As leader of the opposition, Stephen Harper was clear on the vital role of dissent in a democracy: "When a government starts trying to cancel dissent or avoid dissent is frankly when it's rapidly losing its moral authority to govern."
In power, however, Mr. Harper's Conservatives seem to have taken a page out of a U.S. election campaign: Smear your opponents early and often to avoid dealing with the substance of their arguments. Think of the advertising campaigns against Stéphane Dion and Michael Ignatieff, " Taliban Jack," or more recently, Public Safety Minister Vic Toews's demand that the opposition "either stand with us, or with the child pornographers."
What should alarm those concerned about Canada's democracy, however, is how the Conservatives have brought this election war-room mentality into government itself. Rather than engaging with citizens or organizations who disagree with their policies, Mr. Harper's government has sought to attack, even criminalize them.
One example is the government's recent revision of its anti-terrorism legislation to include environmental groups as a potential threat, even though there is no evidence of any Canadian environmental group ever employing violence. And recently, this paper revealed that assessments by the Canadian Security Intelligence Service and the Royal Canadian Mounted Police have labelled Greenpeace – a group founded on the Quaker principles of non-violence and refusing to turn a blind eye to the abuses of those in power – an "extremist" organization.
The academic who uncovered this evidence made the link back to Greenpeace's opposition to the expansion of the Alberta tar sands. Prof. Jeff Monaghan of Queen's University noted that government rhetoric around Enbridge's proposed Northern Gateway pipeline and "the frequent use of words like 'radicalism' and 'extremism' to characterize opposition" is being used to legitimize taxpayer-funded surveillance of vocal political opponents, such as environmental groups. Other published reports indicate that the security services are reporting on their findings from such surveillance operations to private-sector corporations, including a presentation to "energy sector stakeholders" in November, 2011.
This attack on Greenpeace is simply one part of a broader, well-orchestrated campaign against anyone who questions the wisdom of tripling the size of the tar sands or building the new pipelines this requires.
We have seen this building over the past few years, but the campaign began to roll out in earnest in early January, when Mr. Harper expressed his concern about " foreign money" influencing Canadian energy policy. He was not referring to the foreign money represented by multinational oil companies or state-owned Chinese firms, but rather to U.S. charitable foundations supporting Canadian environmental groups' efforts to protect globally significant ecosystems.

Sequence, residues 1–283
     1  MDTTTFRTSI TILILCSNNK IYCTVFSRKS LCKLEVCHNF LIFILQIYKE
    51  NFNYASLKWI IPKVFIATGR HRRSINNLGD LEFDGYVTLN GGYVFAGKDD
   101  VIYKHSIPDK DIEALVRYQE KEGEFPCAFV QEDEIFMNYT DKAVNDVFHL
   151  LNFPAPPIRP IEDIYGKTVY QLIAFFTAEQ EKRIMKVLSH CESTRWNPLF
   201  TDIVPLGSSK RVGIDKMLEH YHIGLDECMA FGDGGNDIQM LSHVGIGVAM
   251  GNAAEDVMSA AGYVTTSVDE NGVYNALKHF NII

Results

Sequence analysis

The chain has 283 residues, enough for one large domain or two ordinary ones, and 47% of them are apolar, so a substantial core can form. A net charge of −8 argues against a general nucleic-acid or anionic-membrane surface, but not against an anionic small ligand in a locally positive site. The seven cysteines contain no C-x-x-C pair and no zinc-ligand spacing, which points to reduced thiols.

Three days later, Natural Resources Minister Joe Oliver accused environmental groups of being foreign-funded puppets looking to "hijack our regulatory system to achieve their radical ideological agenda." Their crime was to participate, according to the rules established by federal law, in the environmental assessment of a new pipeline that would stretch from the Edmonton area across the Rockies and through the Great Bear Rainforest, bringing more than 200 oil tankers a year along B.C.'s pristine coast.
Next, there were the behind-the-scenes threats to change the legislation governing charities. This has already had a chilling effect, as groups have been weighing the loss of their charitable status as retaliation for speaking out against the tar sands or the Enbridge pipeline. Then, a Conservative MP publicly announced his intent to bring in a private member's bill that would prevent environmental groups from receiving foreign financial support, even as the Prime Minister went to China to try to encourage foreign investment in the tar sands.
Digging deeper, Greenpeace obtained internal government documents under the Access to Information Act that detailed how Ottawa actively works with oil companies to attack environmental laws in Europe and the United States, laws that would force tar-sands companies to clean up their act. Rather than introducing measures to reduce pollution, the federal government has chosen to join – at the invitation of the Canadian Association of Petroleum Producers – a public-relations campaign to "turn up the volume" in support of the tar sands at home and abroad.
The federal government's own "Pan-European Oil Sands Advocacy Strategy" document divides Canadians into two camps. "Allies" include the Canadian Association of Petroleum Producers, business groups and the National Energy Board. Environmental and aboriginal groups are identified as "adversaries."
What's good for oil companies isn't always what is good for the country. Canadians need to send a clear message to Mr. Harper's government: Building and governing a nation differs from running an election campaign. It requires, at minimum, an acknowledgment that those who disagree with you are still part of the community.
Bruce Cox is executive director of Greenpeace Canada.